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Predicting risk of arrhythmias and sudden cardiac death: There's a computer model for that
Date:12/13/2012

ore than 100,000 complex mathematical equations at least 1,000 times over just to simulate a single heartbeat.

The team turned to more than 600 patients with Long QT syndrome type 1 an inherited disorder that puts patients at greater risk of arrhythmias and sudden cardiac death to help test the model. Patients were drawn from Long QT syndrome registries from the United States, Japan, the Netherlands, Denmark and Sweden.

Patients with the disorder have mutations in a specific gene, KCNQ1, which helps heart cells appropriately generate and transmit electrical signals. The study used 34 different mutations to the gene, identified with patient blood samples and genetic tests. To better understand the characteristics of each mutation how they act and the defects they cause the team recreated all of the mutant proteins in the lab and tested them in various cell lines.

Researchers plugged each mutation's electrical profile into the model to simulate the mutation's effect on the heart wall. The model produced a one-dimensional, transmural (across the heart wall) electrocardiogram or ECG for each mutation, which predicts how the mutation influences the electrical properties of the heart wall as it is excited and relaxes after each beat.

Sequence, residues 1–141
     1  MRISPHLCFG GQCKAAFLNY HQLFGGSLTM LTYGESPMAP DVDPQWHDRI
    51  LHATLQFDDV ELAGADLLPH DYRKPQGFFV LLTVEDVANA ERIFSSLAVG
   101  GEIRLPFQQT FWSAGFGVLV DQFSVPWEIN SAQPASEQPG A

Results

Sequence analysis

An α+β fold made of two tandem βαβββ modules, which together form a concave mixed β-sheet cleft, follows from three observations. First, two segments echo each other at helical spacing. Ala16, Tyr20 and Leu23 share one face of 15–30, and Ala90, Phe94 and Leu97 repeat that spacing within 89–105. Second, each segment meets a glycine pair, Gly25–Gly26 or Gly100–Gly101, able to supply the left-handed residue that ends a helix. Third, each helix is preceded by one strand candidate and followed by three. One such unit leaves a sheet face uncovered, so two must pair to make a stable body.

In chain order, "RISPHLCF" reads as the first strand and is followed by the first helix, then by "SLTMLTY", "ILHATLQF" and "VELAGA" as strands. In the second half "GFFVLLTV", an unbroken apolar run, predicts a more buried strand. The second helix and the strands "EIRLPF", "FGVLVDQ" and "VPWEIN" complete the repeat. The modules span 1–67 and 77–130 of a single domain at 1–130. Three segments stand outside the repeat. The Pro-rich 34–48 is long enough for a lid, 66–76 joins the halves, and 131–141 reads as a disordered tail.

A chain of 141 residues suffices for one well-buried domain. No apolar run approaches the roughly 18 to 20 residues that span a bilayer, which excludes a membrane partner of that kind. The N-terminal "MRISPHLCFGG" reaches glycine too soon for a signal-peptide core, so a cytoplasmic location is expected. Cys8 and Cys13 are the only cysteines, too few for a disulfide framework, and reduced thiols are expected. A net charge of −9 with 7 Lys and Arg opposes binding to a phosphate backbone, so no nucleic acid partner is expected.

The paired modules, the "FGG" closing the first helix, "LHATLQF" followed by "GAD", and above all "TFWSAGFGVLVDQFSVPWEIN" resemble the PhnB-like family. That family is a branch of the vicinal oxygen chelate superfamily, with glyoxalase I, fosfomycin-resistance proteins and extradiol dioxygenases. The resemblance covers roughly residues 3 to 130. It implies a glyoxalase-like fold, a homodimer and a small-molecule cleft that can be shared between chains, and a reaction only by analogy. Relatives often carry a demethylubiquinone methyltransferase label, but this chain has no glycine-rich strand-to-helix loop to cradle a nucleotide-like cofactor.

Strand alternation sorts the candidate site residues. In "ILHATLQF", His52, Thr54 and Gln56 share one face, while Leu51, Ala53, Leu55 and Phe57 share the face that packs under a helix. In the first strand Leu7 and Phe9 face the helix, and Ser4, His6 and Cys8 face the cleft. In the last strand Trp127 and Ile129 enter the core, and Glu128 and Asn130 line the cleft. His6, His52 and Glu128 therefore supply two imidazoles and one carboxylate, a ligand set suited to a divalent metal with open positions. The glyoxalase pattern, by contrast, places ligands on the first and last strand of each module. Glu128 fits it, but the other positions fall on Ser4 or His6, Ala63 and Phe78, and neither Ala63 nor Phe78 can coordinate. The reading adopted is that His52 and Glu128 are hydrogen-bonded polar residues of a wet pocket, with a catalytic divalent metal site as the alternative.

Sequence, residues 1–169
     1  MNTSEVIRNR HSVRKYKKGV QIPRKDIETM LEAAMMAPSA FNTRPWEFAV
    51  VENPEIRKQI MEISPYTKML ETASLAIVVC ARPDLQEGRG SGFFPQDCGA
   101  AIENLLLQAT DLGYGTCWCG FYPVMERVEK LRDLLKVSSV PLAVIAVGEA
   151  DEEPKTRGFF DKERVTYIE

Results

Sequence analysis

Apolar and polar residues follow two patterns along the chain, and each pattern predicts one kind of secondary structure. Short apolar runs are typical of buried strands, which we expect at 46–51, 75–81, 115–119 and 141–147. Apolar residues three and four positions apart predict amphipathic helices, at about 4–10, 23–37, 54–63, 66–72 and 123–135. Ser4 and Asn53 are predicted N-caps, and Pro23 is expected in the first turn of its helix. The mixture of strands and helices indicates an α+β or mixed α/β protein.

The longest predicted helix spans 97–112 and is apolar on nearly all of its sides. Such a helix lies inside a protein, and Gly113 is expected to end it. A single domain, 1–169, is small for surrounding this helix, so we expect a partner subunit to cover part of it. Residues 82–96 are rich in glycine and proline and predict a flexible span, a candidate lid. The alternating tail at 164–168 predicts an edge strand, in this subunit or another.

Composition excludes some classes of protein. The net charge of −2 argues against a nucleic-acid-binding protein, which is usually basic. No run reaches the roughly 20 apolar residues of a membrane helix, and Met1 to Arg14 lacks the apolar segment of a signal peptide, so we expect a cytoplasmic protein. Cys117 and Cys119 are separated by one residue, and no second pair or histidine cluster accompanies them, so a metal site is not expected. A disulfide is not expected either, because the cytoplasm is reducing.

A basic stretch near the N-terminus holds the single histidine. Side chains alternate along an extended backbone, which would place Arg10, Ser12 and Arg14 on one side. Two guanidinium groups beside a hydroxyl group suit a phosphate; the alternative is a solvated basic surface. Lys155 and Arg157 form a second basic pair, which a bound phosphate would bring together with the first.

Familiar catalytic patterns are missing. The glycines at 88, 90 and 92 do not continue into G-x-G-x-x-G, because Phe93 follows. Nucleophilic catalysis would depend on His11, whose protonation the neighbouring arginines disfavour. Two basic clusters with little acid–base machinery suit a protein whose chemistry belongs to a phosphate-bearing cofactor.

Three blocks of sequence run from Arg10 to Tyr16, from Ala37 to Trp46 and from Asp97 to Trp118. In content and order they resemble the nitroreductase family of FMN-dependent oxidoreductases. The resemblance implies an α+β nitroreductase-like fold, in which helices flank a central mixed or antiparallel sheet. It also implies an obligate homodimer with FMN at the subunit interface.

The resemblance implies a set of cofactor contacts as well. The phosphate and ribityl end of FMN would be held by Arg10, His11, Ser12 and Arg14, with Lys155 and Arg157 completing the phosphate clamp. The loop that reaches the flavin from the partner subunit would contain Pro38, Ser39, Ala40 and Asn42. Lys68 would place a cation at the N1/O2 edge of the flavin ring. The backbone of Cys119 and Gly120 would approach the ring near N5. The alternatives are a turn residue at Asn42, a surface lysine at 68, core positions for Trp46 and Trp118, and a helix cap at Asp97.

When the team compared this information to patient data, analyses revealed that mutations the model predicted would strongly prolong repolarization the time it takes for the heart wall to recover after each beat put patients at greater risk of potentially life-threatening events. For every 10 milliseconds that repolarization was delayed a patient's risk of sudden cardiac death or aborted cardiac arrest rose by approximately one third.

The authors note that this risk is separate from the increased risk observed for patients that show a very prolonged repolarization on traditional ECGs, when electrodes are placed on the skin and attached to a machine that records the heart's electrical si
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Contact: Emily Boynton
emily_boynton@urmc.rochester.edu
585-273-1757
University of Rochester Medical Center
Source:Eurekalert

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